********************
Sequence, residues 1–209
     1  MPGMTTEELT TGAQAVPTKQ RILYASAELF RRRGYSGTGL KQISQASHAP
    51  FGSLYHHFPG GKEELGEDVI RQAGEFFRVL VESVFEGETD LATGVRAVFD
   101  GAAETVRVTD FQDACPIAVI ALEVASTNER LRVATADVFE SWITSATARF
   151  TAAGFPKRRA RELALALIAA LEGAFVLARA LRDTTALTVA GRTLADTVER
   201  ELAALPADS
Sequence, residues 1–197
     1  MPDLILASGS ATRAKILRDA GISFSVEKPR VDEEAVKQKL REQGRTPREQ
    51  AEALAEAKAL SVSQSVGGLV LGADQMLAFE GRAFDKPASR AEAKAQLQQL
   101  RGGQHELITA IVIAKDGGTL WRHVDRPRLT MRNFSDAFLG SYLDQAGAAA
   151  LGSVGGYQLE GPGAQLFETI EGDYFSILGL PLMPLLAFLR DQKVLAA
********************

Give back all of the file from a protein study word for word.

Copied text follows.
Sequence, residues 1–209
     1  MPGMTTEELT TGAQAVPTKQ RILYASAELF RRRGYSGTGL KQISQASHAP
    51  FGSLYHHFPG GKEELGEDVI RQAGEFFRVL VESVFEGETD LATGVRAVFD
   101  GAAETVRVTD FQDACPIAVI ALEVASTNER LRVATADVFE SWITSATARF
   151  TAAGFPKRRA RELALALIAA LEGAFVLARA LRDTTALTVA GRTLADTVER
   201  ELAALPADS
Sequence, residues 1–197
     1  MPDLILASGS ATRAKILRDA GISFSVEKPR VDEEAVKQKL REQGRTPREQ
    51  AEALAEAKAL SVSQSVGGLV LGADQMLAFE GRAFDKPASR AEAKAQLQQL
   101  RGGQHELITA IVIAKDGGTL WRHVDRPRLT MRNFSDAFLG SYLDQAGAAA
   151  LGSVGGYQLE GPGAQLFETI EGDYFSILGL PLMPLLAFLR DQKVLAA